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Release: Immediate

Native American advocate to deliver UI Earth Week lecture

IOWA CITY, Iowa -- Environmental activist and Native American advocate Winona LaDuke will deliver the keynote lecture during the University of Iowa's celebration of Earth Week 1998. The lecture, "The End of Conquest, The Beginning of Survival," begins at 7:30 p.m. Thursday, April 23 in Lecture Room 1 Van Allen Hall. It is free and open to the public.

Upon graduating from Harvard in 1982, LaDuke moved to the White Earth Chippewa Reservation in Northern Minnesota, accepting the job of reservation principal of the local school. There she became involved with a lawsuit to recover native lands that had been lost to the federal government and the logging industry. She then founded the White Earth Land Recovery Project, which is still working to recover that land.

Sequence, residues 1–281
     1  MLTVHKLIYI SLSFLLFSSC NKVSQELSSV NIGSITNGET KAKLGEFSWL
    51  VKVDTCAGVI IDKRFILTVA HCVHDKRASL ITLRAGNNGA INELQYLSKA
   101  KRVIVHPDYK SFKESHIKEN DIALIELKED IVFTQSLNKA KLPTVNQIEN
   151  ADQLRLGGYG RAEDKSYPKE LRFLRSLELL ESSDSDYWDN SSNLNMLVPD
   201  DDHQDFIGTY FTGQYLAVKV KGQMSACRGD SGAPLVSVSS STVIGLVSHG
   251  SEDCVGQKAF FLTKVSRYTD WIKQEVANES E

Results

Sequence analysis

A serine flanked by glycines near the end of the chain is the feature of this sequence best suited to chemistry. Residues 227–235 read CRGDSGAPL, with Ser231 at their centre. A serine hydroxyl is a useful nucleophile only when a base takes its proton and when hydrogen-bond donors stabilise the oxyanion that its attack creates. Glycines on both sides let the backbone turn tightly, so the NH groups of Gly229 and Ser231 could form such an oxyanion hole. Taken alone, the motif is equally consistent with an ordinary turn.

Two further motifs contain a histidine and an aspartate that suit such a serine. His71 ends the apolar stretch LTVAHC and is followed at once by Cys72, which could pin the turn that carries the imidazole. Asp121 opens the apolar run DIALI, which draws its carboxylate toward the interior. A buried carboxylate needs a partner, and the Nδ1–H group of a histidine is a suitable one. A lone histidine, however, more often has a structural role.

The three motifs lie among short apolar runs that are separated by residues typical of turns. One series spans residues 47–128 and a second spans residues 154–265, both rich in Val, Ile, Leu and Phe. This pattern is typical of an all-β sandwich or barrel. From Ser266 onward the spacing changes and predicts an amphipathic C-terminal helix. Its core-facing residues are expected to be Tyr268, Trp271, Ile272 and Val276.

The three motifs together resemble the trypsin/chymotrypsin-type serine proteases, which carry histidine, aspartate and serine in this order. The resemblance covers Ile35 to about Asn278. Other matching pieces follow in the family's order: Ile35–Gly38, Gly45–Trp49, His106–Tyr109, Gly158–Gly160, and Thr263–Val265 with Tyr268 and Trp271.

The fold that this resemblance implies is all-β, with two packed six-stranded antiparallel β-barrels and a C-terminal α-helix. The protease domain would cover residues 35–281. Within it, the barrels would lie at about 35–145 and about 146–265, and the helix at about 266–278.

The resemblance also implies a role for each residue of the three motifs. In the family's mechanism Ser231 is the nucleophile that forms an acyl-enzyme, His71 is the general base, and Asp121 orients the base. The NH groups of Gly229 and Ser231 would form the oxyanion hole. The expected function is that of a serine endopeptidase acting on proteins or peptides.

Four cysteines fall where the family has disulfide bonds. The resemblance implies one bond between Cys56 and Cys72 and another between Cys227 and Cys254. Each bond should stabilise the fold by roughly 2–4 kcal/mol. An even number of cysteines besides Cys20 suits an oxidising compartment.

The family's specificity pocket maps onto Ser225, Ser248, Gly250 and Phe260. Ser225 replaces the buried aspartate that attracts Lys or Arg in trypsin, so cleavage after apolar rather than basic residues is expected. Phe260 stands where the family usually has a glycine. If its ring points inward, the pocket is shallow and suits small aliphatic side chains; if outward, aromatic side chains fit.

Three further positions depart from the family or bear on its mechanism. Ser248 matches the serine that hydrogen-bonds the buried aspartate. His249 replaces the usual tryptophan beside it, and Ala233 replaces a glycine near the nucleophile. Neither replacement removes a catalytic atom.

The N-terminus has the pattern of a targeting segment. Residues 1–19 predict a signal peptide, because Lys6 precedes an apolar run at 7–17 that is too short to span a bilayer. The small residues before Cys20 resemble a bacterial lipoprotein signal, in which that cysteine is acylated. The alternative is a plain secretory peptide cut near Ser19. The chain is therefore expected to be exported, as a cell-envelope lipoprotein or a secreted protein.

LaDuke is the founder of the Indigenous Women's Network, which she led to the 1995 United Nations Conference on the Status of Women in Beijing. In March of 1995 LaDuke was nominated by Time magazine as one of "50 Leaders of the Future." In 1996 consumer advocate Ralph Nader selected LaDuke as his vice-presidential running mate on the Green Party ticket.

LaDuke remains active in several environmental and Native American advocacy groups and is currently written a book on Native environmentalism.

Sponsors of this keynote lecture include: the University Lecture Committee, UI Environmental Coalition, Rainforest Action Group, Women's Resource and Action Center, Central American Solidarity Committee, and the Iowa City Green Party.